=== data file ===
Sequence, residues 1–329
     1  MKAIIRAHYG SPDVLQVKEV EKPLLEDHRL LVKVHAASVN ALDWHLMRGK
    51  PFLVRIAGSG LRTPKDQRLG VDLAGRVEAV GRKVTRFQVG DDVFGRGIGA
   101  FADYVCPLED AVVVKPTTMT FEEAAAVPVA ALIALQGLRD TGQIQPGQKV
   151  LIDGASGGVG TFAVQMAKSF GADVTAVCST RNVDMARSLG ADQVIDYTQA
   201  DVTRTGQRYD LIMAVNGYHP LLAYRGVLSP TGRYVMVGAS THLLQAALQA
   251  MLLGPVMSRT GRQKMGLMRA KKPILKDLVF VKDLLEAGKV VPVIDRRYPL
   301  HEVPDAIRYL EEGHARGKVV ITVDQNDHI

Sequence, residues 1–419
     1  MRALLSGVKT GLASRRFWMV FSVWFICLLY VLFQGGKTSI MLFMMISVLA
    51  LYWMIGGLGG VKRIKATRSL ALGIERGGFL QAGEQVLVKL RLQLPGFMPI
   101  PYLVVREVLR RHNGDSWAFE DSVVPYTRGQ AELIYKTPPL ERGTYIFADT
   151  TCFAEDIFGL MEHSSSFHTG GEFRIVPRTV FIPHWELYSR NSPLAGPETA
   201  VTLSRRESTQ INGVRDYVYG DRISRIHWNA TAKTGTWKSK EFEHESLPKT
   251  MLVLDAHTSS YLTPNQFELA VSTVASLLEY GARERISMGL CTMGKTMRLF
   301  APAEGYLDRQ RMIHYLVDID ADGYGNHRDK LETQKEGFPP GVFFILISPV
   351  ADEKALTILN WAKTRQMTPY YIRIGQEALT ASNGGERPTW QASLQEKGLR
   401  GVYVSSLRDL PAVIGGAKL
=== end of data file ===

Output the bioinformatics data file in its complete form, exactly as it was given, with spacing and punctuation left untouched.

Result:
Sequence, residues 1–329
     1  MKAIIRAHYG SPDVLQVKEV EKPLLEDHRL LVKVHAASVN ALDWHLMRGK
    51  PFLVRIAGSG LRTPKDQRLG VDLAGRVEAV GRKVTRFQVG DDVFGRGIGA
   101  FADYVCPLED AVVVKPTTMT FEEAAAVPVA ALIALQGLRD TGQIQPGQKV
   151  LIDGASGGVG TFAVQMAKSF GADVTAVCST RNVDMARSLG ADQVIDYTQA
   201  DVTRTGQRYD LIMAVNGYHP LLAYRGVLSP TGRYVMVGAS THLLQAALQA
   251  MLLGPVMSRT GRQKMGLMRA KKPILKDLVF VKDLLEAGKV VPVIDRRYPL
   301  HEVPDAIRYL EEGHARGKVV ITVDQNDHI

Sequence, residues 1–419
     1  MRALLSGVKT GLASRRFWMV FSVWFICLLY VLFQGGKTSI MLFMMISVLA
    51  LYWMIGGLGG VKRIKATRSL ALGIERGGFL QAGEQVLVKL RLQLPGFMPI
   101  PYLVVREVLR RHNGDSWAFE DSVVPYTRGQ AELIYKTPPL ERGTYIFADT
   151  TCFAEDIFGL MEHSSSFHTG GEFRIVPRTV FIPHWELYSR NSPLAGPETA
   201  VTLSRRESTQ INGVRDYVYG DRISRIHWNA TAKTGTWKSK EFEHESLPKT
   251  MLVLDAHTSS YLTPNQFELA VSTVASLLEY GARERISMGL CTMGKTMRLF
   301  APAEGYLDRQ RMIHYLVDID ADGYGNHRDK LETQKEGFPP GVFFILISPV
   351  ADEKALTILN WAKTRQMTPY YIRIGQEALT ASNGGERPTW QASLQEKGLR
   401  GVYVSSLRDL PAVIGGAKL